This is the laboratory where marble from the quarry is processed to obtain the ashlars, the architectural and ornamental elements, the sculptures and statues that make Milan cathedral a unique monument.
Initially, the activity of the Cantiere marmisti (marble yard) was carried out near the monument by necessity and, until the fifteenth century, there existed a single neighbourhood extending from the area of the apse under construction to a place called “Cassina”, which housed the workers and many volunteers from all social classes involved in the construction of the cathedral.
After the closure of the lake in 1886, the workshops moved to via S. Gerolamo (now via Carducci), within the circle of the internal canals, to take advantage of the waterway that allowed for optimal transport of materials. After this stretch of the Naviglio was covered, the construction site was first moved to Viale Gorizia on the docks and finally, after water transport was abandoned in favour of road transport, to the Certosa area.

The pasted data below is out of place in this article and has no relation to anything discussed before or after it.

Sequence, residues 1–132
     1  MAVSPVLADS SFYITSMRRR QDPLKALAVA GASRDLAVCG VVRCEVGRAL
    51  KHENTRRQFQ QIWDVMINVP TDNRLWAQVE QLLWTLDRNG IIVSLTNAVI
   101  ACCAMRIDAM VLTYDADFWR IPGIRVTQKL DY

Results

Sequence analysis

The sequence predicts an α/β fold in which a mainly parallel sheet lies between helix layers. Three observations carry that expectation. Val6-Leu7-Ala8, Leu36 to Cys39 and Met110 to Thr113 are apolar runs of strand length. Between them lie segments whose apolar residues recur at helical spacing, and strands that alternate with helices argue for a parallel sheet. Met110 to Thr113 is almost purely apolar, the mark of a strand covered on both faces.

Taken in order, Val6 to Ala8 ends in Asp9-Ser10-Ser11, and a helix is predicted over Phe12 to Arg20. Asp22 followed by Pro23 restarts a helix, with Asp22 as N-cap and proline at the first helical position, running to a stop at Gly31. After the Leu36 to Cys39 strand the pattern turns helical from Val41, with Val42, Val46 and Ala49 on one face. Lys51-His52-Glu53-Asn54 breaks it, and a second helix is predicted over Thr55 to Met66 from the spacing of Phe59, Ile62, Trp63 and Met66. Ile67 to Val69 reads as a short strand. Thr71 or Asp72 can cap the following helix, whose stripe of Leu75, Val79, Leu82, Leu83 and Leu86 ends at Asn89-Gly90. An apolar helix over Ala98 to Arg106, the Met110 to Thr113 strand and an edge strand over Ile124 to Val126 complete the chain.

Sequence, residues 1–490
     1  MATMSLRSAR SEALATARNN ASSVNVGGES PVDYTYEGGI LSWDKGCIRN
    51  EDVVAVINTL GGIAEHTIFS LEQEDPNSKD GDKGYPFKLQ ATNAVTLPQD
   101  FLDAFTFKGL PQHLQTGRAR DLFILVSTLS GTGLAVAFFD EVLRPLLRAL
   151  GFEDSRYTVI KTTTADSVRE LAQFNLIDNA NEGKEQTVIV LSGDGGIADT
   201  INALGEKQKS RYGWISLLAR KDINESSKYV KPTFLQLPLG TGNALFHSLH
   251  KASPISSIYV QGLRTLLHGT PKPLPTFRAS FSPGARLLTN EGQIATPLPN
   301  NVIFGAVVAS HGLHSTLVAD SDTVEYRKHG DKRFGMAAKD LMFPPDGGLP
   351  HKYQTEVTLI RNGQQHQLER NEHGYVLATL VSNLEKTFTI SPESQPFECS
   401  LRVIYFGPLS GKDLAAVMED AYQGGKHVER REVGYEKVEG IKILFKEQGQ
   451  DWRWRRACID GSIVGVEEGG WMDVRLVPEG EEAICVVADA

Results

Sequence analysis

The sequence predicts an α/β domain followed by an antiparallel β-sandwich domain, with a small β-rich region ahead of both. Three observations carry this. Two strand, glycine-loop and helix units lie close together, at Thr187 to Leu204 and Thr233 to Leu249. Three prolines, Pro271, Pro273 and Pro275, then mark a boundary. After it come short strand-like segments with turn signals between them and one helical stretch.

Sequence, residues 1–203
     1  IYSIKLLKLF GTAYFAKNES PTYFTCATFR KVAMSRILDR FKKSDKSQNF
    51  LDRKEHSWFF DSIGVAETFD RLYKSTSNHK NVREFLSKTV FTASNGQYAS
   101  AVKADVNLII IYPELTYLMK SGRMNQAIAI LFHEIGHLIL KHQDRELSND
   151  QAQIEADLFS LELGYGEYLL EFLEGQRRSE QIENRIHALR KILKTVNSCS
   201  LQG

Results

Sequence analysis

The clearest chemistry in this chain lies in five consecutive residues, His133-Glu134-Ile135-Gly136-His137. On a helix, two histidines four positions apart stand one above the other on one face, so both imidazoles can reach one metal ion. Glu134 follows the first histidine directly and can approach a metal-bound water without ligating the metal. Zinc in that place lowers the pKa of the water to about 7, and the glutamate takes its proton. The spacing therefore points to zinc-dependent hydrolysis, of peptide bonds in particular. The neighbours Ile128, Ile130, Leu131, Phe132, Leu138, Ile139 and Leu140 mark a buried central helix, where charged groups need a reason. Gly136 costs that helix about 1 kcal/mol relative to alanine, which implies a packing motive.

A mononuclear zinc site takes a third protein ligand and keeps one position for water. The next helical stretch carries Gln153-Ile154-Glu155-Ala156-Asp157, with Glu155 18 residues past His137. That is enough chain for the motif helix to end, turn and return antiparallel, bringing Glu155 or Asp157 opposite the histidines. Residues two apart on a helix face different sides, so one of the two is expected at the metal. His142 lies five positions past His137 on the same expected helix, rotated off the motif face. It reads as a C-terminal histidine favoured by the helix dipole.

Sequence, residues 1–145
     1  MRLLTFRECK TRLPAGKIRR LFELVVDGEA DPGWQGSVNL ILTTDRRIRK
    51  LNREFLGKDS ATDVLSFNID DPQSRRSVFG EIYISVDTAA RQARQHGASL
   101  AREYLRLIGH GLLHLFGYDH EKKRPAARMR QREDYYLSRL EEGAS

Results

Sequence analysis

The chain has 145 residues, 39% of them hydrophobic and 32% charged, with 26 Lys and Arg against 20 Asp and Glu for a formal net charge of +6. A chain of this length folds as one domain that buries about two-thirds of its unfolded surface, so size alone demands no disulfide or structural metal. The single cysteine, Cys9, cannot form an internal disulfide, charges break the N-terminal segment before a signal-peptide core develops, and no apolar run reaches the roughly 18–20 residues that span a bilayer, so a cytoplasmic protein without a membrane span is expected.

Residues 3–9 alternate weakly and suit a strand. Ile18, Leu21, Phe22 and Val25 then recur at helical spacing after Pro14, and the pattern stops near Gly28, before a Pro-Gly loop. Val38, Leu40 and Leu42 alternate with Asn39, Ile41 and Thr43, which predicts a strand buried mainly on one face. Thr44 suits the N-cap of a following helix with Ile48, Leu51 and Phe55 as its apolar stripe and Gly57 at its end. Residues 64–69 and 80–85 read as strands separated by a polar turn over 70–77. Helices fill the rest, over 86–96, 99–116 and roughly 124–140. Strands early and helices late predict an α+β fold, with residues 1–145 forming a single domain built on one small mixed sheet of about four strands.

This site is equipped with state-of-the-art technology and employs highly specialised personnel, including milling and filing workers, square marble workers, ornamental marble workers, sculptors, apprentices and labourers. In the context of an increasingly vast and progressive technical evolution, the use of machine tools such as pantographs, electric drills, numerically controlled trimming and cutting machines has been introduced, which bring the pre-processing of artefacts to levels unthinkable only a few years ago, even though the artist-sculptor remains the irreplaceable element for the finishing and personalisation of the work.